Paying for your car’s tags every year is a cost that every car owner has to deal with. It happens every year around the same time, and you know you have to pay for it.
But what if you forget to pay it or don’t have the money? People who haven’t paid for their registration tags may wonder if the car they need to get to work can be towed away.
It’s not unusual to see a few cars on the road with tags that have expired. This could make it look like it’s okay to drive without paying for and having current tags. Well, it might seem like that, but that’s not really the case.
So, if my tags have run out, can my car be towed?
If your registration is more than six months late, your car could be towed. But there are things that could make this less likely to happen, such as mitigating circumstances and officer discretion.
To avoid problems, you should pay for your tags every year. If you don’t, you could get a fine or have your car towed. But the details of your case can be different depending on a few different things.
We’ll talk about what makes each case unique and why some people get their cars towed and others don’t.
What Does The Law Say About Expired Tags?
Officially, state vehicle codes do say that if your car’s registration is more than six months late, it can be towed away.
This may seem vague, which could make you think that your car can be towed away at any time from anywhere…
But that’s not completely right.
This code says that your car can be towed if it is found parked on the street or on public land. A peace officer or city or state employee who enforces parking rules can call a towing company to take your car away.
Even though this is getting more specific, the code also says that only a peace officer can have the car towed if you are in it.
This makes it hard to know what could happen in a certain situation because different things can change what could happen.
1. It Depends on the Situation
What happens with the car could also depend on how the officer reacts and what the person says to them.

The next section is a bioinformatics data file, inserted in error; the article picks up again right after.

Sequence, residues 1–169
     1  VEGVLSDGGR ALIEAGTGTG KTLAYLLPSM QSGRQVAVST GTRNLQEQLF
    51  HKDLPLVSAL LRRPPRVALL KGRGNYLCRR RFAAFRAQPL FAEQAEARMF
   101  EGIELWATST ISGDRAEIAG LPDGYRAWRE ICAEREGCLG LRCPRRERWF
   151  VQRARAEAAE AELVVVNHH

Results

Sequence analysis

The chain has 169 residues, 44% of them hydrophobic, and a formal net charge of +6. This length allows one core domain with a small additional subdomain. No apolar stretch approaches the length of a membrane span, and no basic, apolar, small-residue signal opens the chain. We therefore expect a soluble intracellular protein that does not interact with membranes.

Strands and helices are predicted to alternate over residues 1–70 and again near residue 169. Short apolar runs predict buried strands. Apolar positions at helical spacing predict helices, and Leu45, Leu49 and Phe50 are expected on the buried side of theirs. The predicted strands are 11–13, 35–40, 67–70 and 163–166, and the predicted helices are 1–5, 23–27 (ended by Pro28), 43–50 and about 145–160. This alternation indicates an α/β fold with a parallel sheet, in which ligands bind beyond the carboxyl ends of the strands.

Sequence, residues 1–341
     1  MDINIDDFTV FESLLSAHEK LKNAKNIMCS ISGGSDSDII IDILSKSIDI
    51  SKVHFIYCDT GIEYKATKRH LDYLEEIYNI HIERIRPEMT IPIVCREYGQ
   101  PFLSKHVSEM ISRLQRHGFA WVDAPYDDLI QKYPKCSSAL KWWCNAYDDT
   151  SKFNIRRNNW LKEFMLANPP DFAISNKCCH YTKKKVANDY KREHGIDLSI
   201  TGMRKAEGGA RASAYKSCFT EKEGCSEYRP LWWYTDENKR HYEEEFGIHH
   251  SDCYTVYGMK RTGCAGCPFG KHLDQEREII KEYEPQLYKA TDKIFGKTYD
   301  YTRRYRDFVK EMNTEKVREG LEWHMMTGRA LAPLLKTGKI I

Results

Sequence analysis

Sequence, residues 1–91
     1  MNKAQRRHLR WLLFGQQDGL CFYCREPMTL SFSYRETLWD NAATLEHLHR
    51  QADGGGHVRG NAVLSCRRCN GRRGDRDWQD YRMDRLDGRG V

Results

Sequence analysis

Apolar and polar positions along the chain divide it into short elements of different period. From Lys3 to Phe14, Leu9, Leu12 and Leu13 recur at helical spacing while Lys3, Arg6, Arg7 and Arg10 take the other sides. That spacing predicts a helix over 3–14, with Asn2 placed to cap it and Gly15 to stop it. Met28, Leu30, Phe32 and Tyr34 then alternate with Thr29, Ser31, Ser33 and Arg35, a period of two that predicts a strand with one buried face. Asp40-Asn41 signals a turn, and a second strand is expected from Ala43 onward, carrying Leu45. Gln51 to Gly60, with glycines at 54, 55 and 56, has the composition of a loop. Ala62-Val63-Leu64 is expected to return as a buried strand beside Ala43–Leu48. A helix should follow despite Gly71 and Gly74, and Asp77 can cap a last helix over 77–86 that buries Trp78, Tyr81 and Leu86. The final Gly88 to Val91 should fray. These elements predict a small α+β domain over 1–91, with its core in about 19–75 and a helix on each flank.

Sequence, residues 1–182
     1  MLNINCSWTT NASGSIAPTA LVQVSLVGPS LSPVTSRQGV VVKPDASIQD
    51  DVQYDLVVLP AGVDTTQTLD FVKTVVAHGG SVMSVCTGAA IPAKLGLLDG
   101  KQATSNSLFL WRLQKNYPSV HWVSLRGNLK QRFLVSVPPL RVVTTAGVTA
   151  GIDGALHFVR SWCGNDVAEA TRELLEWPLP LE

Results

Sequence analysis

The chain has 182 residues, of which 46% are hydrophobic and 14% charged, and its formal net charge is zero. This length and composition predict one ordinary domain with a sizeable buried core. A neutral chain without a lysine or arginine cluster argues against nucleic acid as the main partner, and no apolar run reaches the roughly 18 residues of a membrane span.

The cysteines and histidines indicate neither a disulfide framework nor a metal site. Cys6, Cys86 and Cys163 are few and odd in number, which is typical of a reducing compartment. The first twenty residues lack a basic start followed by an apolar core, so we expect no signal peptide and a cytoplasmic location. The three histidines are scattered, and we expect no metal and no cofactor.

For instance, someone might have paid for their tags but not yet gotten them.
If the driver has proof of purchase, like a receipt or an email about a transaction, they will probably be let go with no ticket or fine at all.
This is because the tags can take a while to get to a person after they pay, so the officer may let the person go without even a warning.
If the driver was stopped for something else, like speeding, the expired tags will just be added to the ticket.
2. What If You Aren’t Present?
The law is also different depending on whether or not you are in the car at the time. This could happen if you are found driving the car, but what if you are not in the car?
Well, if your car is parked on public property and its tags have expired, a peace officer or parking enforcement officer could tow it away. This only happens if the tags have been overdue for more than six months.
If your tags have just run out or are late by less than six months, a ticket may be written and left on your car.
This is often done to make sure the person remembers to pay it before the six-month mark, when your car could be towed.
3. What If Your Car Is Parked On Private Property?
The law says that a car with tags that have been expired for more than six months can only be towed if it is on public land or the street.
This is different from when the car is parked on someone’s private property.
So, what happens if you park your car in your driveway and don’t drive it?
Well, because it’s on private property, parking officers won’t be able to do anything about it. Anything outside of their specific area of authority, like a certain parking lot or garage, is not their responsibility.
But because you are on private property, police won’t give you a ticket or tow your car. Only driving the car is against the law, so nothing will be done.
What About Officer Discretion
If a police officer pulls you over, the situation can turn out very differently depending on how the officer acts.